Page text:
Friday, April 14, 2017

My Boarding-House "New Yorker"

I associate this particular New Yorker with a room I briefly rented in a boarding house on Dorchester Street, Charlottetown – my first Prince Edward Island residence. I’d brought the magazine with me from my parents’ house in Halifax, where I’d been living while I attended Dalhousie Law School. It was my first summer on the Island. I was articling with a Charlottetown law firm. In my memory the room’s wallpaper is like the wallpaper in the magazine’s Robert Weber cover. But I’m sure that can’t be right. What is true, I’m certain, is the feeling of homelessness I experienced lying in a strange bed, in an unfamiliar house, in a city and province that were totally unknown to me. But, by immersing myself in The New Yorker, I found I could forget all that. One piece in that August 1, 1977, issue transfixed me – Howard Moss’s “Great Themes, Grand Connections,” a review of Robert Liddell’s biography Cavafy. It contains this memorable line:

Secrets contain within themselves a hidden spring – the compulsion to reveal them – and this compulsion has something in it of the quality of history: the story not yet revealed, the truth under the appearance of it, the onion skin of façade endlessly waiting to be peeled away.

I’m not sure I agree. For me, meaning is found on the surface, hiding in plain sight like the purloined letter in Poe’s story. But Moss’s notion that “secrets contain within themselves a hidden spring – the compulsion to reveal them” is intriguing. Forty years after I first read it, in my boarding-house room on Dorchester Street, I’m still pondering it.

Thursday, April 13, 2017

April 10, 2017, Issue

Two excellent pieces in this week’s issue are Ben Taub’s “We Have No Choice” and Calvin Tomkins’s “Troubling Pictures.” Taub reports the desperate six-month journey of a Nigerian teenager named Blessing, travelling a perilous migration trade route from her home in Benin City to Agadez, on the edge of the Sahara Desert, to Tripoli, and then by dinghy out into the Mediterranean, where she’s eventually picked up by a rescue boat and taken to Messina, on the eastern coast of Sicily.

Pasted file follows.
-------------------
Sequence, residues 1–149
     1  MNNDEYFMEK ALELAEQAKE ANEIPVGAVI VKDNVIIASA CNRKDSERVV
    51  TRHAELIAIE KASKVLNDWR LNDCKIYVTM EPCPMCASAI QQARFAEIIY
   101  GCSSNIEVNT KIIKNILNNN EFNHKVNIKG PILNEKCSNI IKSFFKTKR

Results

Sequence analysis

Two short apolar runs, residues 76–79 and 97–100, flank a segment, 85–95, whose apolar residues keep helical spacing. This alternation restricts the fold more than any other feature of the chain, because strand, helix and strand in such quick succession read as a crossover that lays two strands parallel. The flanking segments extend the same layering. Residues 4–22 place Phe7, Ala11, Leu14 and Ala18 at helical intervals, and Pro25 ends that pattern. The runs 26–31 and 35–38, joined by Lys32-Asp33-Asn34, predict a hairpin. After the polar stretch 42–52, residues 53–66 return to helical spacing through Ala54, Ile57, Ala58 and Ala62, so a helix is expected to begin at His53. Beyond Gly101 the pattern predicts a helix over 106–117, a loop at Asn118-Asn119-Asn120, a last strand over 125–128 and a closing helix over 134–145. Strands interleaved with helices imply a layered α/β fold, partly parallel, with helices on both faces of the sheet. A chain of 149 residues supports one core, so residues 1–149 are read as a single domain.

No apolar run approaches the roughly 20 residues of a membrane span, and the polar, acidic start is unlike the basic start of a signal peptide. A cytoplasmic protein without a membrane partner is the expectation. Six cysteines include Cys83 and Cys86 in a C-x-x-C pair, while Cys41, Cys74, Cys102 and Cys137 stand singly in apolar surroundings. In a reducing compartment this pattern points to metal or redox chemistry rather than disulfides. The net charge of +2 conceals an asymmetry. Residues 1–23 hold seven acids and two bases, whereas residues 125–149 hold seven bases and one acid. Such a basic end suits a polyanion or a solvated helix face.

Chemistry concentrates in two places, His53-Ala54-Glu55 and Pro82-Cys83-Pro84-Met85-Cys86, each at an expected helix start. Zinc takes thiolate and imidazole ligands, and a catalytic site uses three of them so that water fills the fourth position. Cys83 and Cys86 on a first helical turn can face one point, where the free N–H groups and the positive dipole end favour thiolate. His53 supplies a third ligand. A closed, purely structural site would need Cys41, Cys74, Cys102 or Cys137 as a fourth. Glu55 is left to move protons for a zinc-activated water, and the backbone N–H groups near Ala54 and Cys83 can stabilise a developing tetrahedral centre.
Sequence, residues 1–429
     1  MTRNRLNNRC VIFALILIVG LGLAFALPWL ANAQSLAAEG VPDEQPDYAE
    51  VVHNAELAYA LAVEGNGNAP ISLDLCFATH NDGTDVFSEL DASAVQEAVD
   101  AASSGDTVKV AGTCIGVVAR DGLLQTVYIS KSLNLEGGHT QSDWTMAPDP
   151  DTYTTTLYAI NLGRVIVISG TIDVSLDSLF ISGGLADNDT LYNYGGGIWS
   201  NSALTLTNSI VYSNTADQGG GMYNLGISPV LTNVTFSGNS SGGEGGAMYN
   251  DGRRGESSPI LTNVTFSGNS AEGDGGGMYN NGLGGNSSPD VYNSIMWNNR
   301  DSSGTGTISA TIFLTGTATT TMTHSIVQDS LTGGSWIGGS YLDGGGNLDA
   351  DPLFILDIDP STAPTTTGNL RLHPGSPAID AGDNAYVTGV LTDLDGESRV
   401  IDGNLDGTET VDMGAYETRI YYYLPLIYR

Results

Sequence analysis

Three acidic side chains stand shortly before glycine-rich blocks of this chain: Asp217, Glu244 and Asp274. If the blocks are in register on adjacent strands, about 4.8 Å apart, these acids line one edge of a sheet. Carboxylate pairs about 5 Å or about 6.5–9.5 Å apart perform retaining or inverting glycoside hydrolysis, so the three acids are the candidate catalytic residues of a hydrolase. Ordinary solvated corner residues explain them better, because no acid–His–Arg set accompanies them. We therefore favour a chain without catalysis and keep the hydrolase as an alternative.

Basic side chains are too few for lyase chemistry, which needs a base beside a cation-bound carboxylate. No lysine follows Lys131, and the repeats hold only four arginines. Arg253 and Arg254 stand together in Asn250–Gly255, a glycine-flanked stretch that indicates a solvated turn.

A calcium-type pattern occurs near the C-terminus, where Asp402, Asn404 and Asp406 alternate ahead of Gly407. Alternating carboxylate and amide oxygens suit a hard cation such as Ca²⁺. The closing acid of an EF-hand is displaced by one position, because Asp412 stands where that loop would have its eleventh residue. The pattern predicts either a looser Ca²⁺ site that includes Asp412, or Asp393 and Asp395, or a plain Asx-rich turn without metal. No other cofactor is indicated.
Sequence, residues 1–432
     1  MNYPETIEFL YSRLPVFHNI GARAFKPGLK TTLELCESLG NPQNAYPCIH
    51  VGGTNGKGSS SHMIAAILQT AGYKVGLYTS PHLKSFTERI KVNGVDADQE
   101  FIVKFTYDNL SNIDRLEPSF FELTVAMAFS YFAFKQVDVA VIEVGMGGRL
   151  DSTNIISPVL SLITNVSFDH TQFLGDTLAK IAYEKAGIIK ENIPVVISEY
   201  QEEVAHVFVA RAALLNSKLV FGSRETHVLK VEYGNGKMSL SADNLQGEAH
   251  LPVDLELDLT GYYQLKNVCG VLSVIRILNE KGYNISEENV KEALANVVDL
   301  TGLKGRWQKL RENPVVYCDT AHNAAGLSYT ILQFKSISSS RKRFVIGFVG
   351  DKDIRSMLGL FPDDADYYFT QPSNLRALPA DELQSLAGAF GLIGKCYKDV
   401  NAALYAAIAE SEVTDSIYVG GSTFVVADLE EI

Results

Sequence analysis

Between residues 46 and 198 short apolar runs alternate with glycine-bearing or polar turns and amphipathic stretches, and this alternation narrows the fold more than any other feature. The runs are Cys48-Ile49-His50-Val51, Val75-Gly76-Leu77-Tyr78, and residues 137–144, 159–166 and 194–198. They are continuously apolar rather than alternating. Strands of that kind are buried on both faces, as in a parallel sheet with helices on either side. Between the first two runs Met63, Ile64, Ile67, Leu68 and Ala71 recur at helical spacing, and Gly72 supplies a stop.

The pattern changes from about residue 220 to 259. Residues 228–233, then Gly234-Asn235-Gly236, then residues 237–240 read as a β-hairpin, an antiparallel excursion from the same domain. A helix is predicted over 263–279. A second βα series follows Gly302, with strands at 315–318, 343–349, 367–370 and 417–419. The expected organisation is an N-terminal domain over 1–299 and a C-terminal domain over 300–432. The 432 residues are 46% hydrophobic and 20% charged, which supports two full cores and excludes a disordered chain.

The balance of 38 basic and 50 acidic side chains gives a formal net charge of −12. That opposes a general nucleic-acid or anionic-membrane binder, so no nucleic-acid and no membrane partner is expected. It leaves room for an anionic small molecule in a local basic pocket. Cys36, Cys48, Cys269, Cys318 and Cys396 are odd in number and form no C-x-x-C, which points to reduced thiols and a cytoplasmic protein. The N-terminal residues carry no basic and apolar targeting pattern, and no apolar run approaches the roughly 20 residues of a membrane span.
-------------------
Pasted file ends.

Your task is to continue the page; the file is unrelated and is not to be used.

The piece brilliantly conveys a raw intimacy with Blessing’s circumstances, much of it based on first-hand observation. Taub visits Benin City and searches for Blessing’s mother, Doris:

One day, I went to the Uwelu spare-parts market, where adolescent boys lift car engines into wheelbarrows, and bare-chested venders haggle over parts salvaged from foreign scrap yards. A dirt path at the western end of the market leads to a shack where I saw a middle-aged woman dressed in purple selling chips, candy, soda, and beer. I asked if she was Blessing’s mother, Doris. She nodded and laughed, then started to cry.

He goes to Agadez and reports on the “connection houses,” migrant ghettos, and Nigerian brothels. He attends a meeting of a dozen of the biggest human smugglers in the Sahara – “half were Tuareg, half Toubou, and all had fought in recent rebellions.” He describes Blessing’s migration across the Ténéré, an expanse of sand roughly the size of California (“Their journey through the desert had been a blur of waiting, heat, thirst, discomfort, beatings, dead bodies, and fear”). He reports her fate in Brak (“One day in Brak, the madam sold Blessing and Faith to the owner of a connection house, to work as a prostitute”). He describes her rescue at sea (“Her feet were pruning; they had been soaking for hours in a puddle at the bottom of the dinghy”). He visits her at Palanebiolo, the makeshift migrants’ camp outside Messina (“We headed back up the hill, to Palanebiolo. Blessing moved with slow, labored steps. Her joints ached and were still swollen from her time in detention in Libya”). He visits Ballarò, an old neighborhood of Palermo, center of the Nigerian sex trade in Sicily:

One night in Ballarò, I met with a former drug dealer from Mali at an outdoor bar that smelled like sweat, weed, and vomit. Sex workers walked past in red fish-nets and six-inch stilettos. On the corner, two men grilled meat over a trash fire. Italians and Africans exchanged cash and drugs, unbothered by the presence of witnesses. “This is the power of the Nigerian mafia,” the Malian said. “It gives work to those people who don’t have papers.”

“We Have No Choice” has an inspired structure. It begins in medias res with the loading and launching of the tightly packed dinghy carrying a hundred and fifty migrants, including Blessing. It then expands its scope to report on the network of sex work that girls like Blessing, migrating from Benin City, get caught in. Taub was on the Médecins Sans Frontière boat that rescued Blessing. He appears to have listened to her story, retraced her steps from Benin City to Messina, and then woven her experiences with his own personal observations. It’s Taub’s first-person perspective that, for me, gives his piece its awesome power and authenticity.